First, a brief story about St. Boniface. He was an English Christian missionary to now is what Germany way back in the day. The Teutonic tribes worshiped gods such as Thor. As such, there was a tree that symbolized Thor’s might and power. St. Boniface chopped it down to show that Thor was a phantom and not to be feared or given adulation. After the Germanic peoples saw that St. Boniface was not destroyed by his insolence, it open the door to hear the message of the Gospel.
Sr. Boniface Brewery has appropriated both the name and the spirit of the story to slay the American sans Belgian beer god Bud and other macrobrewery deities. It is fitting such a nanobrewery is located in Ephrata for on the east side of town is one of those Death Star Wal-Marts that has decimated the town and left a bunch of Consignment and Pizza shops in its wake. The old hardware store is gone as is the lifeblood of the town. Frankly, it is depressing. It is such a sad irony that those who predominantly shop at Wal-Mart, the working class, are cutting their own throats when spending their cash. That cash goes to Arkansas and to China predominantly. Good jobs be gone!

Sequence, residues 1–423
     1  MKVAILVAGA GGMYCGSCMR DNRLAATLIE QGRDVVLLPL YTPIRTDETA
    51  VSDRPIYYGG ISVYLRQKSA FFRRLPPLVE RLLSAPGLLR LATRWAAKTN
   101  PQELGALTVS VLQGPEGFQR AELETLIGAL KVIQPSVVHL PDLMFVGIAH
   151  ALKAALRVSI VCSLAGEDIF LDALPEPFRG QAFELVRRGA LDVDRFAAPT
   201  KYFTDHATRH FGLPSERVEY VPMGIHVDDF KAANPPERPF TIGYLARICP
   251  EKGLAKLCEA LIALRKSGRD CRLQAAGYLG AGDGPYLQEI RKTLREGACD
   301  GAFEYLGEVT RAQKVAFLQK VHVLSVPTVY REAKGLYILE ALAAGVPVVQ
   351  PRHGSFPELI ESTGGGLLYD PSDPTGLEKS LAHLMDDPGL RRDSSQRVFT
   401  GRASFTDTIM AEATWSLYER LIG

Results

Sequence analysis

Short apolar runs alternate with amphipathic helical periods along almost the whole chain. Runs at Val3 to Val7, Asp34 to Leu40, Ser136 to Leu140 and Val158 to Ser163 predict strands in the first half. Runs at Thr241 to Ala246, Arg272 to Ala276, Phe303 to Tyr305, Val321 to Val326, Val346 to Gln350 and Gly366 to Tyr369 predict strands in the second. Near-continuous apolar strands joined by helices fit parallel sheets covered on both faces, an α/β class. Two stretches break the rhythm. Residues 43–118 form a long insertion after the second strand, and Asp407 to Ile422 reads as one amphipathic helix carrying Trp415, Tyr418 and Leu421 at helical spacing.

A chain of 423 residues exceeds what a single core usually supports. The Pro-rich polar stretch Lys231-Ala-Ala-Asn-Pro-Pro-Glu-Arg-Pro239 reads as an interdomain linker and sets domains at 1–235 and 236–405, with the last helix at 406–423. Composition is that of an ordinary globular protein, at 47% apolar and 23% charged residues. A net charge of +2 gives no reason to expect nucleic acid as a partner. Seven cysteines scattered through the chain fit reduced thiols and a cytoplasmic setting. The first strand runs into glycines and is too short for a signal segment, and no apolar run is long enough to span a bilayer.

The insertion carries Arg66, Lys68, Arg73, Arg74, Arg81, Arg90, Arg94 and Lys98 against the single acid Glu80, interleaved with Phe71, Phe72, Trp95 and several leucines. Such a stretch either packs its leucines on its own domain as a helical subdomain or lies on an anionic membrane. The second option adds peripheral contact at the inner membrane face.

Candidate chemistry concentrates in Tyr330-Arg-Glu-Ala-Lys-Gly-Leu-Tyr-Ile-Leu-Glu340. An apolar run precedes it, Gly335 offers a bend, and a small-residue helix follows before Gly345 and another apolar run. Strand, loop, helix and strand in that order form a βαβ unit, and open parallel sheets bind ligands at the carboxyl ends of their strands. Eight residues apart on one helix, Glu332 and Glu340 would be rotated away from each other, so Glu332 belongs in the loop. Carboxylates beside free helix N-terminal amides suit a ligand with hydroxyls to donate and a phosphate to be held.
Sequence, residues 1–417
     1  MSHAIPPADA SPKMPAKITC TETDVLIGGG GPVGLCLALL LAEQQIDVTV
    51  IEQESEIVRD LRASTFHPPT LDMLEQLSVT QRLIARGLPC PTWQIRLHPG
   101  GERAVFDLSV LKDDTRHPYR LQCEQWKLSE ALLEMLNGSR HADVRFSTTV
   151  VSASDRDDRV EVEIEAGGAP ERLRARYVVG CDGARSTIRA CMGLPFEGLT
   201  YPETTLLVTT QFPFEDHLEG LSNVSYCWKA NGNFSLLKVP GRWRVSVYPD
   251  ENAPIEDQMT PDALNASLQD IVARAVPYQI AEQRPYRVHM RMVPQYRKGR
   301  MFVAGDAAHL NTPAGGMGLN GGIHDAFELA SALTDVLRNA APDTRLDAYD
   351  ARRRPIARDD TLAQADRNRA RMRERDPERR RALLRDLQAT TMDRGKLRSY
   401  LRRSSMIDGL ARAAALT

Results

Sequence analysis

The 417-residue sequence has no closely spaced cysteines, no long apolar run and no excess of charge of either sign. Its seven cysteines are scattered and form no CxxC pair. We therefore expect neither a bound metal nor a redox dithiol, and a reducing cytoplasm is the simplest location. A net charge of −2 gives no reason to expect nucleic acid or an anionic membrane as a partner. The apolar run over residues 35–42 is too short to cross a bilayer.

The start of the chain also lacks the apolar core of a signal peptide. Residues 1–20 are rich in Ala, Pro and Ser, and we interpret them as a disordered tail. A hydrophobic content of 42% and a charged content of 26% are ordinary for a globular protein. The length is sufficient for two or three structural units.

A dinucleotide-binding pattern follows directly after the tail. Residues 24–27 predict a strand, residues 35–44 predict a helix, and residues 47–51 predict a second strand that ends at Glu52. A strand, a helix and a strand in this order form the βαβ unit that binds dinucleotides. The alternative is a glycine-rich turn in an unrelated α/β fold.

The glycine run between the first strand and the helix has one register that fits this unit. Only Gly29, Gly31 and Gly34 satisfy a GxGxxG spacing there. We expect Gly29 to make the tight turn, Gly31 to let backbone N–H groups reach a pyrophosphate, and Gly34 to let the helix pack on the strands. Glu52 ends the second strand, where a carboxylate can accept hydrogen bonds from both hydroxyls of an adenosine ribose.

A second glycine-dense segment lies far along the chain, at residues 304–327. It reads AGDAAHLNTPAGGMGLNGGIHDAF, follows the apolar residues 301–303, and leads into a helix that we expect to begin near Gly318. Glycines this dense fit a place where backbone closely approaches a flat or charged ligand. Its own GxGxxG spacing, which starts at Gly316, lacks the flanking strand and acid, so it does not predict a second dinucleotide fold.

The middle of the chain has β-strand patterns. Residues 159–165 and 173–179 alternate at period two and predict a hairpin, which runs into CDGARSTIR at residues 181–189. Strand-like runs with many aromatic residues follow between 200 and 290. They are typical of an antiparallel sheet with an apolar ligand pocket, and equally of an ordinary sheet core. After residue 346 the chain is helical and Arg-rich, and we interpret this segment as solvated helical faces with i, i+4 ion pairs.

Here is one of the would-be tree slayer owners:
As I noted in my 40/40 Tour (see last May 2010 postings until July 2010 for all of the glorious details), microbreweries are a return to craftmanship to beer-making. St. Boniface is a case in point (actually they only fill growlers now).
Quite nice to drink some of this after chopping down a Tree Idol for sure. Funny that St. Boniface slapped its label onto my Spring House growler. No doubt I am going to have to scrub off this pesky label before going down to the Tap Room of Spring House. I am sure they are not going to take too kindly to this upstart upstaging a more established brew. A nanobrewery taking on a microbrewery who are both taking on the macrobreweries. The idea of a small fish, a larger fish, and a shark come to mind. The shark is losing its way but still has sharp teeth. Once the big boys start to make better beer, the smaller breweries are going to have a real fight on their hands. There will be a strong temptation to sell the label and brand to a beverage conglomerate and who will then drain the taste and equity out, so that the big boys can go back to make so-so beer. The beer at St. Boniface is strong and flavorful…the Belgian Dubbel tasted a little yogurty which I think means it might have been served slightly before it was ready. Belgians need to be aged a bit and this seemed a little premature. I am not sure that is the scenario but that is my working and drinking hypothesis. The Stout was both strong and mild. Interesting. The beer that I took home was an Ale that would have been an IPA if they had hopped it more. Not sure what that makes it name-wise. Nonetheless, by judging how my buddies were filling their glasses at the barbecue on Saturday night, the beer was a hit.
May these axe-wielders at St. Boniface be victorious in their tree-felling mission!